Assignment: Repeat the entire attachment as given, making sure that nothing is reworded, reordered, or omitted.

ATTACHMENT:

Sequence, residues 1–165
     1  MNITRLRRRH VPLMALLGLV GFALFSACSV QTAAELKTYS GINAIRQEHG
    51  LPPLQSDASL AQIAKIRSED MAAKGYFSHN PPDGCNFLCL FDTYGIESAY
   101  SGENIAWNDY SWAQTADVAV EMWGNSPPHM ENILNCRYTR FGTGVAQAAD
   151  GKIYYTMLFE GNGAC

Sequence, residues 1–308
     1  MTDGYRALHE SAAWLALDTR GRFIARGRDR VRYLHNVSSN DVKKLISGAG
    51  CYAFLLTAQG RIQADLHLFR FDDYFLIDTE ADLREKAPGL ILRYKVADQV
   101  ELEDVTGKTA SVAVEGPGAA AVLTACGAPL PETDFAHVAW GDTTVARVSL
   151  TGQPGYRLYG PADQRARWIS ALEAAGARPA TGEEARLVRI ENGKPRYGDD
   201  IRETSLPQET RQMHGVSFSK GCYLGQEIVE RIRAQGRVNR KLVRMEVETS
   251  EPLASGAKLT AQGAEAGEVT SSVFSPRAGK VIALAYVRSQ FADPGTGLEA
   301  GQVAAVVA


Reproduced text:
Sequence, residues 1–165
     1  MNITRLRRRH VPLMALLGLV GFALFSACSV QTAAELKTYS GINAIRQEHG
    51  LPPLQSDASL AQIAKIRSED MAAKGYFSHN PPDGCNFLCL FDTYGIESAY
   101  SGENIAWNDY SWAQTADVAV EMWGNSPPHM ENILNCRYTR FGTGVAQAAD
   151  GKIYYTMLFE GNGAC

Sequence, residues 1–308
     1  MTDGYRALHE SAAWLALDTR GRFIARGRDR VRYLHNVSSN DVKKLISGAG
    51  CYAFLLTAQG RIQADLHLFR FDDYFLIDTE ADLREKAPGL ILRYKVADQV
   101  ELEDVTGKTA SVAVEGPGAA AVLTACGAPL PETDFAHVAW GDTTVARVSL
   151  TGQPGYRLYG PADQRARWIS ALEAAGARPA TGEEARLVRI ENGKPRYGDD
   201  IRETSLPQET RQMHGVSFSK GCYLGQEIVE RIRAQGRVNR KLVRMEVETS
   251  EPLASGAKLT AQGAEAGEVT SSVFSPRAGK VIALAYVRSQ FADPGTGLEA
   301  GQVAAVVA